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Phytophthora Blight of Pepper (Sept. 22, 2010)

Chile peppers are great to eat and also an important crop in Arizona. Production occurs primarily in southeastern Arizona, where favorable growing conditions exist. However, there is a disease of peppers called Phytophhtora blight that can occur and cause significant plant death and yield loss. The pathogen that causes this disease, Phytophthora capsici, resides in the soil and becomes active when soil is overly wet. Spread of the pathogen and disease development are related to the duration and intensity of summer rainfall events. Initial infection of plants occurs on roots and stems of plants at the soil surface. Successive rainfall events and sustained high levels of humidity lead to infections on the upper parts of plants, including leaves, stems, and pepper fruit. This pathogen is closely related to Phytophthora infestans, the organism responsible for the devastating Irish potato famine that occurred around 1850. Successful management of Phytophthora blight includes measures to minimize accumulation of excess water in pepper fields as well as preventative followed by additional applications of fungicides as long as favorable disease development conditions exist. Effective fungicides include Ridomil Gold, Revus, Presidio, Ranman, and others. Please contact me if more information is desired concerning Phytophthora blight and its management.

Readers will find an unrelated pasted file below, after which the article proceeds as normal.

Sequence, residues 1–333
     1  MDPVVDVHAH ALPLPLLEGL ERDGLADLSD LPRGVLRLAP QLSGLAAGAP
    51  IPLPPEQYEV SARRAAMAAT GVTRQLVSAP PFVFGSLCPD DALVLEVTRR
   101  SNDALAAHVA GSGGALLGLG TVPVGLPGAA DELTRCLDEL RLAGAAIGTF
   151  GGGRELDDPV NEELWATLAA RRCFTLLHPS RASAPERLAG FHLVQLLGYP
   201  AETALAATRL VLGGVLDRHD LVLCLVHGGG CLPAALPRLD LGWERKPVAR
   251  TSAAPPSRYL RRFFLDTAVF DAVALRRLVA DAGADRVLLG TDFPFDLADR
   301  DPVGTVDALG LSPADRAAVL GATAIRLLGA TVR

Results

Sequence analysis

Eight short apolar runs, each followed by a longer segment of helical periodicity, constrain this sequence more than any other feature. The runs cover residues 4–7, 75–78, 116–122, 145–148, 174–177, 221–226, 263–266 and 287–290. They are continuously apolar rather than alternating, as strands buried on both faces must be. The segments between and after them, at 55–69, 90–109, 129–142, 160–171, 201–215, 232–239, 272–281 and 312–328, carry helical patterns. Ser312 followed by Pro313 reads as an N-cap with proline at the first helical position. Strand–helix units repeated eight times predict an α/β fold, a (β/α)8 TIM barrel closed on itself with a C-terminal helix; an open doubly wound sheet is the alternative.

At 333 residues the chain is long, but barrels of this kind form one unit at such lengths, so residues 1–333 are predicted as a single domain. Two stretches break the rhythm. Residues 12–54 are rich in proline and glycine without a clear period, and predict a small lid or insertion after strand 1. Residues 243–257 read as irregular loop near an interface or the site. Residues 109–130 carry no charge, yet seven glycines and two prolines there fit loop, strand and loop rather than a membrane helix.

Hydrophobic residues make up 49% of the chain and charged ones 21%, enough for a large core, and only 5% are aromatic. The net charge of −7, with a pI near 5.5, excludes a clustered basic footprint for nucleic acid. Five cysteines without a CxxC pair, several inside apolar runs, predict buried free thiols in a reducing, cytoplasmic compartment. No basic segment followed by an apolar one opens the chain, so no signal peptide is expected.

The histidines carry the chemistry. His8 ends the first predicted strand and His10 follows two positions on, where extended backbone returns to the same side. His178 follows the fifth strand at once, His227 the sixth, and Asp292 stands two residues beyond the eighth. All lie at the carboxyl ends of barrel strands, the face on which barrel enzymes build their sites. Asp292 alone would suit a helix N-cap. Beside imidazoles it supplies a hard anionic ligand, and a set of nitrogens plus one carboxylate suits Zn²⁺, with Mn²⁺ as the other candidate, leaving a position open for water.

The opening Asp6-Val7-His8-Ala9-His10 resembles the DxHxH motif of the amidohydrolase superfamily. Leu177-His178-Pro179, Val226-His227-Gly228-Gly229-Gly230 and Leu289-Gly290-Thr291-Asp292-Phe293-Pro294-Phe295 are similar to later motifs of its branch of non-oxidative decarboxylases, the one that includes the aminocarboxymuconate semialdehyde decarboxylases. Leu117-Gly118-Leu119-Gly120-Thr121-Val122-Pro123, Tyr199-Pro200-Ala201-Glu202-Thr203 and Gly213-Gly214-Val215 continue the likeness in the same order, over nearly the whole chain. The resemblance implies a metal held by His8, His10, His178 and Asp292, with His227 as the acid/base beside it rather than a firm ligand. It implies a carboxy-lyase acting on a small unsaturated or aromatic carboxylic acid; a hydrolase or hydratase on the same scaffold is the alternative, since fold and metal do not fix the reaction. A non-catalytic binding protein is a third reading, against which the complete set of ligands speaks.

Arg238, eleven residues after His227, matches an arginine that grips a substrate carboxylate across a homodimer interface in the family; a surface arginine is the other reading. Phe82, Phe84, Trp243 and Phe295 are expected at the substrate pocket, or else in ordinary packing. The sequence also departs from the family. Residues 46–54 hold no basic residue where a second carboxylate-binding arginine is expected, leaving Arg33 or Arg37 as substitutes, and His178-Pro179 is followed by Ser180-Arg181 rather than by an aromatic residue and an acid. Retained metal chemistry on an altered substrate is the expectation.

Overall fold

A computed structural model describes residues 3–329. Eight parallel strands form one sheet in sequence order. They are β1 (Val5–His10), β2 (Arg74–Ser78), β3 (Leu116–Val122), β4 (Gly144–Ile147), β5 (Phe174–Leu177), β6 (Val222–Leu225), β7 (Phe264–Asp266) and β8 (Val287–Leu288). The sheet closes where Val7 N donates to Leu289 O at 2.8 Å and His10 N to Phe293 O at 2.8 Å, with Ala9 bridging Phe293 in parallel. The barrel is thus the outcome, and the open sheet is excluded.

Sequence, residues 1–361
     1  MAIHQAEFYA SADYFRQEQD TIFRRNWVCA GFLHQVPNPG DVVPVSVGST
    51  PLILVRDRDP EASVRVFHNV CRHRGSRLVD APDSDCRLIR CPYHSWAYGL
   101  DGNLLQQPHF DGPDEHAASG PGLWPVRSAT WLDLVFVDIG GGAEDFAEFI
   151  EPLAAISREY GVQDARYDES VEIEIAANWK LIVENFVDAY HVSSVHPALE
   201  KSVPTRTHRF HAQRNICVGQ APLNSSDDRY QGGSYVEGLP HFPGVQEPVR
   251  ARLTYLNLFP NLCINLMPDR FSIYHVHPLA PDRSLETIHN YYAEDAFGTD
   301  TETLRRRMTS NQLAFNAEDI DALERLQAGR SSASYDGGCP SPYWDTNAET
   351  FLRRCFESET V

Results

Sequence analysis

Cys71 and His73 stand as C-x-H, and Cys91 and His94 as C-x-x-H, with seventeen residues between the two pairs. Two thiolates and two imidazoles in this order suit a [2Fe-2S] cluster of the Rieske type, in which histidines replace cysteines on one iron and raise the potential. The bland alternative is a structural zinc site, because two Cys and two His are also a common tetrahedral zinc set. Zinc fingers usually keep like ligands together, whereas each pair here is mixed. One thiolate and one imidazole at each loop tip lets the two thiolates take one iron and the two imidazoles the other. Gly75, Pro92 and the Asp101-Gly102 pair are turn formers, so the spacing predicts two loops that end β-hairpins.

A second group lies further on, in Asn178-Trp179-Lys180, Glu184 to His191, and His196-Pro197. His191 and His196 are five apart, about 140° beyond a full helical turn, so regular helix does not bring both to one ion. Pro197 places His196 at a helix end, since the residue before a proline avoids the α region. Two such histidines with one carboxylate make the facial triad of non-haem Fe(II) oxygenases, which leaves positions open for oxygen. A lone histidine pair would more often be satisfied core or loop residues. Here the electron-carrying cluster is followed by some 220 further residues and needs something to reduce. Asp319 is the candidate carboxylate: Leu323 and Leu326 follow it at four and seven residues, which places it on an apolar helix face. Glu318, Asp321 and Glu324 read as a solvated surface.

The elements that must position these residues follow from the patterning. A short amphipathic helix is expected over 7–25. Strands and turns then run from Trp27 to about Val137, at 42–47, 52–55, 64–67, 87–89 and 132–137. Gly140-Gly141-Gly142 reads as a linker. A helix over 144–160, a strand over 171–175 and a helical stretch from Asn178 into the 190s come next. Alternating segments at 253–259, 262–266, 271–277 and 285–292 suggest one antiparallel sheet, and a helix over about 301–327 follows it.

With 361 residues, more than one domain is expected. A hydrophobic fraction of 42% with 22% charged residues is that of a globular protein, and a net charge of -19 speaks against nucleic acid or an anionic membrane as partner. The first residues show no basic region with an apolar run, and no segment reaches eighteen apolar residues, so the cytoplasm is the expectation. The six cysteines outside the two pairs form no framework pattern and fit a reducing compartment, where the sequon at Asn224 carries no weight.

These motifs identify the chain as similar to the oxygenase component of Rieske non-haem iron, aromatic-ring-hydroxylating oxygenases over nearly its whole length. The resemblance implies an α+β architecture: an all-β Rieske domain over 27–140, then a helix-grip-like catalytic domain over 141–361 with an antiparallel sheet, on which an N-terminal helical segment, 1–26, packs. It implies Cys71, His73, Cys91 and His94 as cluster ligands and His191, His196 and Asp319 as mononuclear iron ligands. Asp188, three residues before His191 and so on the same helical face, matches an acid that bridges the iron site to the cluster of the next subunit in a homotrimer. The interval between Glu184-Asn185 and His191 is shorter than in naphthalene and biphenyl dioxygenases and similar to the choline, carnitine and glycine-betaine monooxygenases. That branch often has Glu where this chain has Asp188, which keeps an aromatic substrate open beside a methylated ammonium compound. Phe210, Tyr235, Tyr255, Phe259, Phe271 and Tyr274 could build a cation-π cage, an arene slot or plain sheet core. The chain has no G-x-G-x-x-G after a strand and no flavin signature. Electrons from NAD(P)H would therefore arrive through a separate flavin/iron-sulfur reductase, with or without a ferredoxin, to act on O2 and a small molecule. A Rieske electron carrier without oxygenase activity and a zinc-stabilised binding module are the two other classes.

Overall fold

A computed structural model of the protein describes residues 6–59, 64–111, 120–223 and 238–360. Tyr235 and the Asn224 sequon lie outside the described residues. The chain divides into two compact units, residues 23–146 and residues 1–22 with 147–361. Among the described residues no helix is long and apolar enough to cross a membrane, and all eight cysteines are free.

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For questions or comments on any of the topics please contact Marco Pena at the Yuma Agricultural Center.
College of Agriculture, The University of Arizona, Tucson, AZ.

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